Hulu Introduces Blumhouse Anthology Series ‘Into the Dark’ With Gory Halloween Tale ‘The Body’

Just in time for Halloween, Hulu is jumping on the dark anthology bandwagon. “Into the Dark” is above all else a new Blumhouse project. The studio that has given us this year B-movie absurdity like “Truth or Dare” and more fun fare like “Upgrade,” now enters the streaming world with a 12-episode, monthly series offering weird and gory yarns. Every month will see a new tale focused on a specific holiday. If the series premiere is any indication, the tone of this series will fall somewhere in the area of “Twilight Zone” meets “Black Mirror,” but downgraded to bad acting and stretched out running times.

“The Body” kicks off the inaugural season with a Halloween plot centered on Wilkes (Tom Bateman), a well-dressed hitman trying to get a job done. After accomplishing his latest gig, he needs to find way to get rid of the body, which he has conveniently wrapped like a mummy. Dragging the corpse down the street makes Halloween revelers think Wilkes has quite the costume idea. He soon finds himself being dragged to a party by a group of festive millennials, Jack (Ray Santiago), Alan (David Hull), Dorothy (Aurora Perrineau), and Nick (Harvey Guillen). Wilkes reluctantly tags along and at the party meets Maggie (Rebecca Rittenhouse), a chatty, progressive-minded type with an edgy curiosity. When the party animals realize Wilkes’s wrapped up dead body is indeed a real dead body, they take off with it, leaving Wilkes and Maggie to try and hunt them down.

For its first few minutes “The Body” works like a midnight movie in good bad taste. It opens with an eerie panning shot across a luxurious apartment to the sound of Tchaikovsky’s “Swan Lake.” Wilkes has murdered his prey and sits down to try a bit of Casu marzu, a Sardinian cheese served with live maggots (it would be interesting to know if Bateman did indeed munch on real larvae). The moments where Wilkes finds himself stuck at a Halloween party with drunk party goers loving the dead corpse are hilarious. But once the chase begins and Wilkes tries to get the body back, the episode becomes a bit of a slog. Part of the reason might be that it’s based on a 2013 short film by director Paul Davis and Paul Fischer. Both also write the script for this episode (with Davis directing) and are obviously trying to find ways to stretch out something that worked well for 17 minutes into nearly an hour and a half. By the halfway point the idea loses its charm.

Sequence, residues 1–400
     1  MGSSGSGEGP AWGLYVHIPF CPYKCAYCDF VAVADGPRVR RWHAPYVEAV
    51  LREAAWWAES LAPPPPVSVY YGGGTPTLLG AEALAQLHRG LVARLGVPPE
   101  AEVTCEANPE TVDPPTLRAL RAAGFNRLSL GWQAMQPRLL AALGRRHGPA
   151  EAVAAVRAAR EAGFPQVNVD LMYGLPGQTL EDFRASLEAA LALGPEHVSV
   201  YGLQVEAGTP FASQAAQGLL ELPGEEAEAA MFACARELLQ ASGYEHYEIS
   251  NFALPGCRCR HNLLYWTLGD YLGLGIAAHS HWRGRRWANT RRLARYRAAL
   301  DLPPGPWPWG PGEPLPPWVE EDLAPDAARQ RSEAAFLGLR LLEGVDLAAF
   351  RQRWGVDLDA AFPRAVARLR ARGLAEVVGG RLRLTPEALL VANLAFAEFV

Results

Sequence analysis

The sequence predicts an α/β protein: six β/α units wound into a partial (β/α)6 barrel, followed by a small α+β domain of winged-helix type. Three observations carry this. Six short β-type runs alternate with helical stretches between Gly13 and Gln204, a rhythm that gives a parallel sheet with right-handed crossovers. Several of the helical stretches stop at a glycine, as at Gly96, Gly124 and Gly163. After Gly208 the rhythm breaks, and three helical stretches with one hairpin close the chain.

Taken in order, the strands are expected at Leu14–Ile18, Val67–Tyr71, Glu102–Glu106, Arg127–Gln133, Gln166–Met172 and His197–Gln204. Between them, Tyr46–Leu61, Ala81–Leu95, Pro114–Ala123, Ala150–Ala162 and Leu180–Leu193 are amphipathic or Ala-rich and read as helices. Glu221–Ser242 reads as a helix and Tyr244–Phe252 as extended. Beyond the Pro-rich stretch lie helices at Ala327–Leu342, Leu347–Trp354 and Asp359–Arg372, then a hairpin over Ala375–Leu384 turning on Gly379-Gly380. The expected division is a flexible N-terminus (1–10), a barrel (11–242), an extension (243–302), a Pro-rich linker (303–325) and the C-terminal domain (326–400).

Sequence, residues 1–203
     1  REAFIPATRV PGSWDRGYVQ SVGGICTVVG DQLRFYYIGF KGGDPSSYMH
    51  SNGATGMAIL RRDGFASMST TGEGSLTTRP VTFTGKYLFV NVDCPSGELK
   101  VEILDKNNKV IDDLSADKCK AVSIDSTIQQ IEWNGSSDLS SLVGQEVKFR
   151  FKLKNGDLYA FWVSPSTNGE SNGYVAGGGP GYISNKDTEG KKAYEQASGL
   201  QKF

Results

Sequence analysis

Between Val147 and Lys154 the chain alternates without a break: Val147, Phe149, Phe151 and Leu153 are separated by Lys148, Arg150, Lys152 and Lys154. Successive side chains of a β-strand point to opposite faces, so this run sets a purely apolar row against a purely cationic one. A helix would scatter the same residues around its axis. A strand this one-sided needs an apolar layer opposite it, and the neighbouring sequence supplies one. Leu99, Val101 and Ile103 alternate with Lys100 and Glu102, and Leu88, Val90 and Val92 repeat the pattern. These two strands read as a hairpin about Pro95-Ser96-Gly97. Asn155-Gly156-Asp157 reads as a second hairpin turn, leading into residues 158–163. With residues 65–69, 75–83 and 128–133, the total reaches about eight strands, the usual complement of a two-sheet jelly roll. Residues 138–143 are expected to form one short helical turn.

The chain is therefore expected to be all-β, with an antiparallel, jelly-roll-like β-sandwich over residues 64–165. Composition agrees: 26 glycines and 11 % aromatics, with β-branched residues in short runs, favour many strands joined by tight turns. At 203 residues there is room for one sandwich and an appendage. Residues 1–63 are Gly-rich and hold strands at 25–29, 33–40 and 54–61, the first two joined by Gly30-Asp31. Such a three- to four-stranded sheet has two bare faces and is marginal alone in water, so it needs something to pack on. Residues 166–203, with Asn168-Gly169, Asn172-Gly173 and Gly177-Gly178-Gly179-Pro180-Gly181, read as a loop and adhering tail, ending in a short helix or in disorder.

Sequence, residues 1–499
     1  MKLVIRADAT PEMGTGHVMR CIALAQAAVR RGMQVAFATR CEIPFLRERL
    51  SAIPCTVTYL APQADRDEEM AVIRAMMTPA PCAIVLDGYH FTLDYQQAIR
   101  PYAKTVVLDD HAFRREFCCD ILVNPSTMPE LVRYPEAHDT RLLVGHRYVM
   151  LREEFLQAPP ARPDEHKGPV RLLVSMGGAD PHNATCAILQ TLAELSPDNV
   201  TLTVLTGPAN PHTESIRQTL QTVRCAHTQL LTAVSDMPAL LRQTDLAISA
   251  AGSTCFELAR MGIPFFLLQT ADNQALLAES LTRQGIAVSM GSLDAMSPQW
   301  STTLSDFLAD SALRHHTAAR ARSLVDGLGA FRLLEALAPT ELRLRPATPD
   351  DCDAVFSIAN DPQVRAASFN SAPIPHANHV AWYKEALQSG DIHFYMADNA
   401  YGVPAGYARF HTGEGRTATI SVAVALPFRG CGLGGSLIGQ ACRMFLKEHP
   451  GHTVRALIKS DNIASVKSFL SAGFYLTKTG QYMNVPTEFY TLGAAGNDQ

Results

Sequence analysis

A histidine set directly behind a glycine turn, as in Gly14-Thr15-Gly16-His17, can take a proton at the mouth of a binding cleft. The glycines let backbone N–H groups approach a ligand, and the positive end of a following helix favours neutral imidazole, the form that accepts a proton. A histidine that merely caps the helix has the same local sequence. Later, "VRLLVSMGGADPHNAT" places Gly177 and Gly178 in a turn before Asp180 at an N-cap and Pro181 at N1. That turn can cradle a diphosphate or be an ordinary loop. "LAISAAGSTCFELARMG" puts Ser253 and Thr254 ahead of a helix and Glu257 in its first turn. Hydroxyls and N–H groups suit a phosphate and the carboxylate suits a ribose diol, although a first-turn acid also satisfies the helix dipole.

Part of the allure of binging on streaming shows is precisely that each episode can feel like a chapter, or short story. The obvious precursor of “Into the Dark” is Netflix’s award-winning “Black Mirror,” which also tells stories that dabble in dread and shadows. Rarely does that show ever deliver an episode that’s more than an hour in length, and it features more sophisticated writing as well. “The Body” never tries to reach for true midnight movie mayhem, devoting most of its middle section to Wilkes and Maggie sitting around and sharing unconvincing metaphysical discussions about evolution, morality and the joy of killing. We almost welcome the funnier scenes where Jack and the others desperately try to get rid of the dead body, going so far as to seek guidance from the disposal process shown in “Breaking Bad.” That particular dilemma could have made for an entire and more entertaining episode.

There are few scares in “The Body” and little tension. Wilkes is simply a walking shadow of doom, with Maggie tagging along like some demented sycophant until she realizes he doesn’t care much about her. But the plot revolving around finding the body never picks up steam, it’s reduced to just the group dragging the thing around and Wilkes occasionally hacking into their phones to blackmail them if they ever approach the cops. Throughout we get a good laugh or two, but by the end the whole episode spirals into a simple chase as Wilkes catches up to the body snatchers and harasses them down hallways, corners them in a morgue and starts stabbing people in the head. It’s easy to imagine a much more wickedly entertaining version of this episode if it were trimmed down and had more of a satirical feel. Even the theme of Halloween is somewhat lost after the first rowdy minutes.

With only “The Body” being made available for review, it remains to be seen what other storytelling avenues “Into the Dark” will take. With anthologies it is inevitable that some stories will be better than others. “The Body” opens with some great material, but soon becomes an example of how less is more.

Into the Dark” premieres Oct. 5 on Hulu with new episodes airing monthly.